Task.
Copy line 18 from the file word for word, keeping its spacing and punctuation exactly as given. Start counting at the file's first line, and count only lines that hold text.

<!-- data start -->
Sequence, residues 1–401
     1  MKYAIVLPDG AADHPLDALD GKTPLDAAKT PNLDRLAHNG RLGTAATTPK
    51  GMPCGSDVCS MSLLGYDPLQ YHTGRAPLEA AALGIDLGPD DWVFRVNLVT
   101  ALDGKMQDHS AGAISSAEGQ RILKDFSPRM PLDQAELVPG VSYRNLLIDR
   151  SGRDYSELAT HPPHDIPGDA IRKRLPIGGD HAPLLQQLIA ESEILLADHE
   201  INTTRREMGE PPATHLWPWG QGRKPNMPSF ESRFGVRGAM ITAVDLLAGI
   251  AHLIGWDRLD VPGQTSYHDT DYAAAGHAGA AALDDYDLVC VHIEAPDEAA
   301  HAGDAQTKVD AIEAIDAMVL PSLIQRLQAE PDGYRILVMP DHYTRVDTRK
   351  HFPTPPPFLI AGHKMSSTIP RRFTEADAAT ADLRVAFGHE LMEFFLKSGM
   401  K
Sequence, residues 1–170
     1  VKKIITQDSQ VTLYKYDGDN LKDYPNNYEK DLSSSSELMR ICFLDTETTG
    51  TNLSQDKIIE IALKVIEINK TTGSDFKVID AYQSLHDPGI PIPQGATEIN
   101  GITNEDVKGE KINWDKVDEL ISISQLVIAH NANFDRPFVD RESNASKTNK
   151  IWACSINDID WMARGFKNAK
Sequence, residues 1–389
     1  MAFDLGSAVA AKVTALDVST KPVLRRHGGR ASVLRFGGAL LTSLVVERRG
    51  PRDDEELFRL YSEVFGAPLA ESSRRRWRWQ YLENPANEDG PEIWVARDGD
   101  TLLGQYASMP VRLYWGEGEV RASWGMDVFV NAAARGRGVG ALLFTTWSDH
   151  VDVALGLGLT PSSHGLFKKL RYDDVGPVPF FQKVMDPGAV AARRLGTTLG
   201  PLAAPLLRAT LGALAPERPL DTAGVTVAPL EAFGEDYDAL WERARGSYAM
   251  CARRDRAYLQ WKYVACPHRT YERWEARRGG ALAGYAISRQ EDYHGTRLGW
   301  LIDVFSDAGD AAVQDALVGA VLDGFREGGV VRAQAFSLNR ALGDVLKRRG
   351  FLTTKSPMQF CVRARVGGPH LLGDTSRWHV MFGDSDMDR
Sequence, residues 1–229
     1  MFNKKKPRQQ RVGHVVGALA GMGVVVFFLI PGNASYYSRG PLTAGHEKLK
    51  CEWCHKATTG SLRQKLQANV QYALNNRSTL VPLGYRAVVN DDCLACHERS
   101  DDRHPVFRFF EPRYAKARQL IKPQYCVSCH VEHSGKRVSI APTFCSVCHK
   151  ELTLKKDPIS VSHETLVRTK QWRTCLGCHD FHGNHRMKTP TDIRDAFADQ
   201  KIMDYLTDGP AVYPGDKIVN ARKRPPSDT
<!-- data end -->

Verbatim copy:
    51  PRDDEELFRL YSEVFGAPLA ESSRRRWRWQ YLENPANEDG PEIWVARDGD